CSIRO develops catalyst that could expedite drug and chemical production

CSIRO's catlaytic mixer. They are placed inside a flow reactor to create chemical reactions (CSIRO)

CSIRO's catlaytic mixer. They are placed inside a flow reactor to create chemical reactions (CSIRO)

A team of CSIRO scientists has developed a catalyst that may expedite the manufacturing of drugs and chemicals.

The new process, when combined with flow chemistry removes the need to filter out catalysts.

CSIRO’s FloWorks Centre for Industrial Flow Chemistry researcher Dr James Gardiner said the team used the technique to create the antiobiotic Linezolid.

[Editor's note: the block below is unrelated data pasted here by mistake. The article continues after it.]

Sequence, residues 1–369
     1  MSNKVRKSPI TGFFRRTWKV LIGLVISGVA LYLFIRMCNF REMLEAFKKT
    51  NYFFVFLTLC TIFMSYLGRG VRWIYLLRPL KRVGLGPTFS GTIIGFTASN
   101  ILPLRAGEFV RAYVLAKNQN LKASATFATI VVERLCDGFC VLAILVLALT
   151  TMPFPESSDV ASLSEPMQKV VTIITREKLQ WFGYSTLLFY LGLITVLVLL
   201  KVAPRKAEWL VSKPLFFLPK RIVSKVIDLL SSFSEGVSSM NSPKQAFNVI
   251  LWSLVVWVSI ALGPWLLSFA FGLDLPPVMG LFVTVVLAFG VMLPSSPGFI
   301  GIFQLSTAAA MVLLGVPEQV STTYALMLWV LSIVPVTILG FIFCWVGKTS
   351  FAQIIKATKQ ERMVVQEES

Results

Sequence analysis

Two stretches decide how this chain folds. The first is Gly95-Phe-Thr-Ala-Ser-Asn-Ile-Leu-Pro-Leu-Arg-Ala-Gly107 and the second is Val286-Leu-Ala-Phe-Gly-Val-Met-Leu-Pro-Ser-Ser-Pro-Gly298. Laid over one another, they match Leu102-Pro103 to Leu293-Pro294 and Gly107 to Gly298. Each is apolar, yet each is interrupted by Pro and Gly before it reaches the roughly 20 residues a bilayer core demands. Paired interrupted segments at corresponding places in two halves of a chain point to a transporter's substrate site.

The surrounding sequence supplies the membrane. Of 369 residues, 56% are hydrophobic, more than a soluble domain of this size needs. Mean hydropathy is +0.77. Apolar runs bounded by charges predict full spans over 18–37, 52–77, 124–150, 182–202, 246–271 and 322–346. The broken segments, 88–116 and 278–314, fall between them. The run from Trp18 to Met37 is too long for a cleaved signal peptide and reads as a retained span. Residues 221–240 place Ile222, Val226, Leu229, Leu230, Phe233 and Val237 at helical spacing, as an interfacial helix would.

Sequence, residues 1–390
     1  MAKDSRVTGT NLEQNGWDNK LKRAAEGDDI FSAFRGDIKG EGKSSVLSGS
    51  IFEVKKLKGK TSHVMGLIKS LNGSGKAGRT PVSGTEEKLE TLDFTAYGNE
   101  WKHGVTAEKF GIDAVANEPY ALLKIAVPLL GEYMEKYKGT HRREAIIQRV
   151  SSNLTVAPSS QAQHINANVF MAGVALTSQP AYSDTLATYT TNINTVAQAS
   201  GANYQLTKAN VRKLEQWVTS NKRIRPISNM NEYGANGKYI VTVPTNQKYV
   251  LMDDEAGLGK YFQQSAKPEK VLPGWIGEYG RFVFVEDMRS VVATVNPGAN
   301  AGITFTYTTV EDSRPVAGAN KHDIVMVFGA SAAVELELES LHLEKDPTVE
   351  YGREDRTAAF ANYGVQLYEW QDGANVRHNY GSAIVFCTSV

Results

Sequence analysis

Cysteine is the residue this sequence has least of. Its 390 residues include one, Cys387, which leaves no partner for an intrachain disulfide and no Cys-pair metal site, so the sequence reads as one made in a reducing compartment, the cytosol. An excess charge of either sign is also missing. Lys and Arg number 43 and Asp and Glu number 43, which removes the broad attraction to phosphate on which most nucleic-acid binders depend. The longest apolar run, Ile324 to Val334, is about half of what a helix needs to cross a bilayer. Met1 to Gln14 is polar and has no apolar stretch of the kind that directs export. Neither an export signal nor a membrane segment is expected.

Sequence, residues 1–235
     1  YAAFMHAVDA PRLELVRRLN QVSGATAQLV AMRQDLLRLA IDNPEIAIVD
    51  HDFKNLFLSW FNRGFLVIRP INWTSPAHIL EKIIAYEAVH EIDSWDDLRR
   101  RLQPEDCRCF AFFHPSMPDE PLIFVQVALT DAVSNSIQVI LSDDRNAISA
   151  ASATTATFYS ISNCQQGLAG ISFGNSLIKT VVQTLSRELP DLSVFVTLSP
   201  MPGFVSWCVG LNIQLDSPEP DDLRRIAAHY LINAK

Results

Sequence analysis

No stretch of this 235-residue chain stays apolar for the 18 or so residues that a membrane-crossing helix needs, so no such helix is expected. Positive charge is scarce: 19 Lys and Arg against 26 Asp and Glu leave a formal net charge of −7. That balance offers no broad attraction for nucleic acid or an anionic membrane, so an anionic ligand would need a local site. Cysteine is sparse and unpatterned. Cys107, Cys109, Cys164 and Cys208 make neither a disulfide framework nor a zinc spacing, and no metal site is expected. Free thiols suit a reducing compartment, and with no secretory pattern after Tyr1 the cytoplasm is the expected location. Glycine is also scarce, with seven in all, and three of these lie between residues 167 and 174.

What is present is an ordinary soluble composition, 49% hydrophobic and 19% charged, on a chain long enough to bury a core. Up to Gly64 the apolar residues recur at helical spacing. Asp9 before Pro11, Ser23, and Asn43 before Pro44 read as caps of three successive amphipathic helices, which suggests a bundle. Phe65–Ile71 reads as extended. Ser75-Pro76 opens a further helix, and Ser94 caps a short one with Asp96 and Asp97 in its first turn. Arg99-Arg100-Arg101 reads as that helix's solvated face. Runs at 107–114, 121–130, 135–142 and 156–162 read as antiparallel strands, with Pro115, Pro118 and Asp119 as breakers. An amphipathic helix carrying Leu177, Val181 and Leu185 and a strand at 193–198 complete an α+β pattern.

The team’s research was the first successful example of combine catalyst and flow reactor technology that could be commercialised.

The catalyst is then removed at the end – an often tedious, time-consuming and costly task.

CSIRO’s new method involved it 3D printing specially designed rods known as static mixers at, then using its Cold Spray technology to coat and immobilise the catalyst onto the rods.

The rods were then placed inside the flow reactor, allowing reactions to occur without the catalyst leaching into the product.